Internet research centre launched in Sydney

A $120 million technology research centre was launched today to investigate ways to make the Internet smarter and more user-friendly.

The Smart Internet Technology Cooperative Research Centre (CRC) in Sydney will operate in conjunction with 17 partner corporations and universities across Australia, CRC chief executive, Dr Jeffrey Tobias, said.

The funding would be spread out over seven years with the NSW and ACT Governments contributing $22 million.

Corporate partners include Hewlett-Packard, communications research group Motorola Labs and Telstra.

Trevor Barr, director of convergent communications at Swinburne University in Victoria, said there is a commercial focus on research at the centre to bring a high return to Australia.

Barr said the CRC will examine the requirements of Internet users with a view to re-moulding the online marketplace around user demand.

He said many Internet-based operations had failed because they had supplied services before examining customer demand. The centre will examine a broad range of business model, he said.

"Suppliers needed to include users throughout the production process, and not to assume they would eventually adjust to complex new technology products," he said.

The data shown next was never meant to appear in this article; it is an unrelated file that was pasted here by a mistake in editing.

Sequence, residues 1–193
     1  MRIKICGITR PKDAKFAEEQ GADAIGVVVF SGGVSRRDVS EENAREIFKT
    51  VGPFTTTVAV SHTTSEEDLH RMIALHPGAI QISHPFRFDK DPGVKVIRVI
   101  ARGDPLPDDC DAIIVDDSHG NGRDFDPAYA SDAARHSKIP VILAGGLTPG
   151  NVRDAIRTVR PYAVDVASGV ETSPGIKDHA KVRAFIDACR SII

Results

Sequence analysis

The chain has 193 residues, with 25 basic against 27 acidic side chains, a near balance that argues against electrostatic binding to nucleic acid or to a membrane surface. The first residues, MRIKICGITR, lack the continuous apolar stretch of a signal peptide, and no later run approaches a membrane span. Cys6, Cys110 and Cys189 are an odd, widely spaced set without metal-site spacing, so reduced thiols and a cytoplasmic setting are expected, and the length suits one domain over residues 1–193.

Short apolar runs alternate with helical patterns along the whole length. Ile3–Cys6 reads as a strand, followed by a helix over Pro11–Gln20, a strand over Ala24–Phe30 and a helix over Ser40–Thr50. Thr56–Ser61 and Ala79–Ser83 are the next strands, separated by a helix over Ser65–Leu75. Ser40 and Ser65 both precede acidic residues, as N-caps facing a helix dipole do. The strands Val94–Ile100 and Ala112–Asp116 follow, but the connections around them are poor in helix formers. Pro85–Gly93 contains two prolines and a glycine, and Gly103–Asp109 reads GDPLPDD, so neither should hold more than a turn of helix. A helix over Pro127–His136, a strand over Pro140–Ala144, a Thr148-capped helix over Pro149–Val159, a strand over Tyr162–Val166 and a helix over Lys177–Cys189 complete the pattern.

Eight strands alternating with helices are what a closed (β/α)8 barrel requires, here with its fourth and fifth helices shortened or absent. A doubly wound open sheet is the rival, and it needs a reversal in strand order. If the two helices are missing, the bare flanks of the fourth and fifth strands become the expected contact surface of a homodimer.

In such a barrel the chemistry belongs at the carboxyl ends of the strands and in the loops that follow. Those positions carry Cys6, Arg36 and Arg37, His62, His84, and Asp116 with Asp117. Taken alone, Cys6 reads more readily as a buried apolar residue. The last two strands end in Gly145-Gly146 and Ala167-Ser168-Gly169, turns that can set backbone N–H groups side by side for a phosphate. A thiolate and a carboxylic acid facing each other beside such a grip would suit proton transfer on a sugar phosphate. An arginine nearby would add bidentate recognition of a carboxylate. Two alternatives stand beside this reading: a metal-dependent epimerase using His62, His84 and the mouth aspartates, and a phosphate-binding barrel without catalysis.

The CRC would study a series of user groups representing different levels of Internet adoption and would also examine issues of privacy and security.

"Australians are still hesitant to conduct transactions over the Web because of irrational security concerns; we have got to try and unpack some of that," he said.

Barr said around 10 per cent of financial transactions in Australia were currently conducted over the Internet, while almost half the population had access to the Web.

Meanwhile, increasing interest in the use of electronic bill payment systems is evident in the development of BPay in Australia, in which the Internet was used to pay six million bills in October worth $3 billion. BPay is on track for the January launch of a service that lets customers to receive, view and pay bills over the Internet, he said.

Some 19 major billers had indicated their intention to participate in the service, officials said, adding the service could help billers streamline billing and payment processes, and create smoother credit cycles.

Customer communications group Salmat would be the first company to deliver necessary infrastructure to billers connected to the new service. Other customers include the credit card divisions of the ANZ bank, National Australia Bank and Westpac, retailer David Jones, telco Primus Telecom, and utilities groups Country Energy, Ergon Energy, South East Water and Yarra Valley Water.

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More about ANZ Banking GroupConvergent CommunicationsDavid JonesHewlett-Packard AustraliaMotorolaNational Australia BankPrimus AustraliaSwinburne UniversityTelstra CorporationWestpac

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